Marina Boulevard residents Cheryl Blaine and Greg Blaine sat in a group of about a dozen neighbors offering feedback to SFMTA planner Liz Brisson, one of a handful of citizen groups led by SFMTA staffers.
“The amount of traffic on Marina Boulevard and Lombard (Street) is amazing. We need to get people out of their cars,” Cheryl Blaine told her neighbors.
Greg Blaine argued that Fisherman’s Wharf is having trouble attracting workers because travel without a subway is essentially “infeasible” — a point long argued by Fisherman’s Wharf business groups.
The San Francisco Examiner heard only one person in the group express outright opposition to the subway plan, while another neighbor exclaimed “I just got back from London and Paris,” where subways run efficiently. He added, “I’m the kind of guy who says, ‘the more subways the better.’”
One man with white hair and glasses said that if a subway stopped near where he lived, in a far corner of Russian Hill, a stone’s throw from the Marina, he’d be happy, but “anything on top of that is a bonus.”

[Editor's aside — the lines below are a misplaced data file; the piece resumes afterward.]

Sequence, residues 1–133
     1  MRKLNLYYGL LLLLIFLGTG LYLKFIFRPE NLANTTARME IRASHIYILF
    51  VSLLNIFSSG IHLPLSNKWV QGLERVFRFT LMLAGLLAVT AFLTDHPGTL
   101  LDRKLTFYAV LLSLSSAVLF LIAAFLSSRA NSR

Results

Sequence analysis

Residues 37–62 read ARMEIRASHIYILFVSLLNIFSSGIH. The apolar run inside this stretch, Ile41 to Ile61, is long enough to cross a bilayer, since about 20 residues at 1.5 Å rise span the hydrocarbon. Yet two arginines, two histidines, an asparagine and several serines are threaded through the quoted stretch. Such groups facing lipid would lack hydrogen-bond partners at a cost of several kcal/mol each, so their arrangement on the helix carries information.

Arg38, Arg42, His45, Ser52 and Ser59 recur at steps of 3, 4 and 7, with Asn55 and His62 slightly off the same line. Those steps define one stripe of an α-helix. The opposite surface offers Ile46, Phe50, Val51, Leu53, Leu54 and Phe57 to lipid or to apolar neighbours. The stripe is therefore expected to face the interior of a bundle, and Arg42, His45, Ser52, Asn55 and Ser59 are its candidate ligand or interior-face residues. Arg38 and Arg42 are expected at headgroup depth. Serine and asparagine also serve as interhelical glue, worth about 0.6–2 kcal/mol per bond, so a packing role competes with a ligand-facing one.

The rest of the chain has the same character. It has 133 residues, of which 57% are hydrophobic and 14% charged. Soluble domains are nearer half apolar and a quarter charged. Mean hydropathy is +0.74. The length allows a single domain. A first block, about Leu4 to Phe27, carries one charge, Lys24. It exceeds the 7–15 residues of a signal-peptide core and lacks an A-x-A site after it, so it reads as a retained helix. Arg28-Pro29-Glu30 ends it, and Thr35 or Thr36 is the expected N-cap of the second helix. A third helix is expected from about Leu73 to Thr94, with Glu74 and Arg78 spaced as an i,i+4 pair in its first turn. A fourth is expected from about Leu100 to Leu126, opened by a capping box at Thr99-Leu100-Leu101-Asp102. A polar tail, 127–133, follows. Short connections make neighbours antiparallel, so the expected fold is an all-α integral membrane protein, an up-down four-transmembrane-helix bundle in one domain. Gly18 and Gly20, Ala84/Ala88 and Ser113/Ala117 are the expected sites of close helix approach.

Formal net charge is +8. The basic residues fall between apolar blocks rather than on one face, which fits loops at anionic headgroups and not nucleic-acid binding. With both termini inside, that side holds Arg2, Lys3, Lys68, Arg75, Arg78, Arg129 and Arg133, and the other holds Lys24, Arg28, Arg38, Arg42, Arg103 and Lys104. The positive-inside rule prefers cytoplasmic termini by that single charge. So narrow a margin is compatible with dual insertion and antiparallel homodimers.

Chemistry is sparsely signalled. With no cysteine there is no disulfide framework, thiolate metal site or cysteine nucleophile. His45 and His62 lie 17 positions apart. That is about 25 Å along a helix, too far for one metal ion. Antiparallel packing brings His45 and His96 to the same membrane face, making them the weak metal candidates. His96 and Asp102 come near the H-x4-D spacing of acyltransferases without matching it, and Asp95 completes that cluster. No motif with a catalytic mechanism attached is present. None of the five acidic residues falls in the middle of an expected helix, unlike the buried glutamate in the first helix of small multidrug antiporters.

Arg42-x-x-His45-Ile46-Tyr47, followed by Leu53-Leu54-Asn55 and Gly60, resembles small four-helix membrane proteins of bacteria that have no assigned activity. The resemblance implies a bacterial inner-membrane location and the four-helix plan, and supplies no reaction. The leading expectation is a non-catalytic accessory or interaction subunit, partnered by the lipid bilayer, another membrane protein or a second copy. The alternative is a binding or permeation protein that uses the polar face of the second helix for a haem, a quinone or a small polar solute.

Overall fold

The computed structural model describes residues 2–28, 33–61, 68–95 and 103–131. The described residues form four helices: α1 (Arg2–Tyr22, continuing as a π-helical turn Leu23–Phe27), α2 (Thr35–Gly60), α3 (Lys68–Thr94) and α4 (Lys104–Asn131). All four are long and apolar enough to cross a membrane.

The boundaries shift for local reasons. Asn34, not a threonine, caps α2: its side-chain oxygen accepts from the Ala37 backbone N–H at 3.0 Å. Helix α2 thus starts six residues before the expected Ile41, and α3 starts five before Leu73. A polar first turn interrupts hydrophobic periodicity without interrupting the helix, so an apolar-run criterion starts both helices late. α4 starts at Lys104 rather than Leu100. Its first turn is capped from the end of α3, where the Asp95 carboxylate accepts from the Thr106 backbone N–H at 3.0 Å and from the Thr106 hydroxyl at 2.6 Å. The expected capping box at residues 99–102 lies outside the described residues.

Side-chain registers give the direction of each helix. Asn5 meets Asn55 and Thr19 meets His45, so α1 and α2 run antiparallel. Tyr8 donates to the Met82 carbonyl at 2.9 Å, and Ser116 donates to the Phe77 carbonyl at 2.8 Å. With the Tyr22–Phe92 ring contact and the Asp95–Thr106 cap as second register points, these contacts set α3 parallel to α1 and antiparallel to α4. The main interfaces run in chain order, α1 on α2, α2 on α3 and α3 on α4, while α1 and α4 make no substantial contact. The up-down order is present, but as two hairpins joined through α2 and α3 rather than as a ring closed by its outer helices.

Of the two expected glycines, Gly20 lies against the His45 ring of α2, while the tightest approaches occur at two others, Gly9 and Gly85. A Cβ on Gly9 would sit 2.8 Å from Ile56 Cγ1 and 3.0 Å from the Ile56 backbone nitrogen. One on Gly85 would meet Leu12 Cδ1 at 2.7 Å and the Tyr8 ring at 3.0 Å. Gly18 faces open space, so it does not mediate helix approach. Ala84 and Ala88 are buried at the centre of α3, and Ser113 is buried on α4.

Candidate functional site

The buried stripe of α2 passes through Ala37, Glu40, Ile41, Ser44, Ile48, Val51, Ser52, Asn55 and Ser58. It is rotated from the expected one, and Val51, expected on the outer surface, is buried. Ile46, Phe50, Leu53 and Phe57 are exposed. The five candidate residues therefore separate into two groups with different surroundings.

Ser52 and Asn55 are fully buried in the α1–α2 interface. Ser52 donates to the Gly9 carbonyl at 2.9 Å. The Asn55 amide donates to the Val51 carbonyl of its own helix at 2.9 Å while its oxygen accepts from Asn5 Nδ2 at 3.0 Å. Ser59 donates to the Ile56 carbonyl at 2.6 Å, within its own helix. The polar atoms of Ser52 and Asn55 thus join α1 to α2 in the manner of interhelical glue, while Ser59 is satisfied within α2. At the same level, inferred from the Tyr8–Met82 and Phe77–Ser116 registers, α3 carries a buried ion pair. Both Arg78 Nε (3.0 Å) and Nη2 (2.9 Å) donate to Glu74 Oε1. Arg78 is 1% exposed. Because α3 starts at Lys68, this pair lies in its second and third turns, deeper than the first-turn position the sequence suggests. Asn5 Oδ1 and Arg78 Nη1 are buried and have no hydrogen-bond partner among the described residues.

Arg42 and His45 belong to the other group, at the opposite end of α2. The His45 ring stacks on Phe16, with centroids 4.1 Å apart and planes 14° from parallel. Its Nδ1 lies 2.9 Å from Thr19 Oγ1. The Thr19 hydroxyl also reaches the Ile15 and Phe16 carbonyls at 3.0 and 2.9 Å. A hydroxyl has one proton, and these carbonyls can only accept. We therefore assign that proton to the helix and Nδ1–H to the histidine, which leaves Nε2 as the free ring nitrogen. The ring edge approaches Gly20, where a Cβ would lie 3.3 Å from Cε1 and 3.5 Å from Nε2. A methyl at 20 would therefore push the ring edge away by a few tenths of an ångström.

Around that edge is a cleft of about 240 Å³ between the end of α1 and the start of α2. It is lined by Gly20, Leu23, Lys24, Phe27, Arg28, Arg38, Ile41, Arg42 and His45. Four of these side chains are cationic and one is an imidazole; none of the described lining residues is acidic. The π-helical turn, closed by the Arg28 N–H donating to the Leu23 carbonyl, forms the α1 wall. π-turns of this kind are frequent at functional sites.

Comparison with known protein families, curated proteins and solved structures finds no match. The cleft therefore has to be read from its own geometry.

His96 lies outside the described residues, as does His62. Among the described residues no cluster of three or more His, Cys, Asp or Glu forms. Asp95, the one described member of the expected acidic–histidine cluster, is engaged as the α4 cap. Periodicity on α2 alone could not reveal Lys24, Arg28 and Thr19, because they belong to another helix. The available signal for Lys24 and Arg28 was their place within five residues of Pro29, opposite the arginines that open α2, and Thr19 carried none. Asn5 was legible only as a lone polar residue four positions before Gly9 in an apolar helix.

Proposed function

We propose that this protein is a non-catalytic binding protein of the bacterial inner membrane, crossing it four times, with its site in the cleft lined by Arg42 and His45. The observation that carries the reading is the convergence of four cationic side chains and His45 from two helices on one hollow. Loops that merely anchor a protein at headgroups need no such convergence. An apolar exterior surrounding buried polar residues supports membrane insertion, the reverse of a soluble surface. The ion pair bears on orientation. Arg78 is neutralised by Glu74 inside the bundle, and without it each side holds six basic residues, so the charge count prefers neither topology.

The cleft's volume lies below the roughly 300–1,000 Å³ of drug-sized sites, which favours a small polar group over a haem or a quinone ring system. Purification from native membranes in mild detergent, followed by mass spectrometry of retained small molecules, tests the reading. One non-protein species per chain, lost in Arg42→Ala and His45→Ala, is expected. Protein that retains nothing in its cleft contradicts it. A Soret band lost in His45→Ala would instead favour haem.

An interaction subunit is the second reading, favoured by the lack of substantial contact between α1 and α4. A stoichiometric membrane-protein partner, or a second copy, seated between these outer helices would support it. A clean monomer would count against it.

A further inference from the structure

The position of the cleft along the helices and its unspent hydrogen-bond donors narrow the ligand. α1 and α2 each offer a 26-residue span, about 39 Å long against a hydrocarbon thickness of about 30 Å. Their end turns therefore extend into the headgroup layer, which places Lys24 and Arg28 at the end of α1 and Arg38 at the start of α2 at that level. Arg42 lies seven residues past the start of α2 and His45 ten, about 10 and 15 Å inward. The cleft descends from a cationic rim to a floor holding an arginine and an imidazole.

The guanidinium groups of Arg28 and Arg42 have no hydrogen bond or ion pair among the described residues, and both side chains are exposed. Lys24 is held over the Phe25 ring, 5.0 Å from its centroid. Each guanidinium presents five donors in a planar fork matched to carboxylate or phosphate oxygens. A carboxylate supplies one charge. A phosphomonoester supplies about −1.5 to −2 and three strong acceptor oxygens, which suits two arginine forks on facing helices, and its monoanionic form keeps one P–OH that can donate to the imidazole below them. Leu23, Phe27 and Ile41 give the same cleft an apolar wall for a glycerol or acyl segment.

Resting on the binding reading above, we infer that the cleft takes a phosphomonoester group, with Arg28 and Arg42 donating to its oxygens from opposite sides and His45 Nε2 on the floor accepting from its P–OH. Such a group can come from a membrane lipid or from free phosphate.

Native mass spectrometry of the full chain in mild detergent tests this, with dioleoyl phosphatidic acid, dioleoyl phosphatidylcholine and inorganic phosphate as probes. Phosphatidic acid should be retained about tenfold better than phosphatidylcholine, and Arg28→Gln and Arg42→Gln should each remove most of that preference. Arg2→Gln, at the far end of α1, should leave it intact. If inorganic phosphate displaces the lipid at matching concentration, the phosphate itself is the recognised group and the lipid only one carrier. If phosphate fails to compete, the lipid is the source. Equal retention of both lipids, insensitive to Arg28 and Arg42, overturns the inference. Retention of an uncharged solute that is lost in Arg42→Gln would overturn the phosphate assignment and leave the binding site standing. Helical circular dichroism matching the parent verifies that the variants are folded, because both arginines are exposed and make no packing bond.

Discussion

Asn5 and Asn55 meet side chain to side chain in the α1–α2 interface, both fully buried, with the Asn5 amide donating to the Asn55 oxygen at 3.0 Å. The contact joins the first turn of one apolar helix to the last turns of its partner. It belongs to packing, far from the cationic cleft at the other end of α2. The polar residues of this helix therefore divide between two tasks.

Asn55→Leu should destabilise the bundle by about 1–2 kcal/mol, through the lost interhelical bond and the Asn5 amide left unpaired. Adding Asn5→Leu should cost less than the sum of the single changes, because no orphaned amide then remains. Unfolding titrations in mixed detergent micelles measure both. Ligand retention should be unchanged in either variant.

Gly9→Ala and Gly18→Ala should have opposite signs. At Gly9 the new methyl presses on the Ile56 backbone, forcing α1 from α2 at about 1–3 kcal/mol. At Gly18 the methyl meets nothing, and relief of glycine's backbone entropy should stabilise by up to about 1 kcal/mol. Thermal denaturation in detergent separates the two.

“Perhaps a selfish perspective, I live here,” he said.
When asked why they support a subway in the Marina, Cheryl and Greg Blaine told the Examiner that though they live on Marina Boulevard, which has historically opposed transit, they own apartment buildings in the Marina where they’ve seen new tenants’ demand for parking plummet.
Their tenants ride bikes, take ride-hails like Uber and Lyft, and there are “a ton of Muni riders” among them, Greg Blaine said.
Rick Laubscher, a Muni historian with the Market Street Railway nonprofit and museum, noted that an embrace of public transit is not a new attitude for the Marina, historically.
In fact, the Marina District as we know it was built on the back of transit.
In 1914 San Francisco worked overtime to prepare for the upcoming Panama Pacific International Exposition, Laubscher explained, and the chief way of transporting construction material from downtown to the Marina — then called Washerwoman’s Bay — was by streetcar.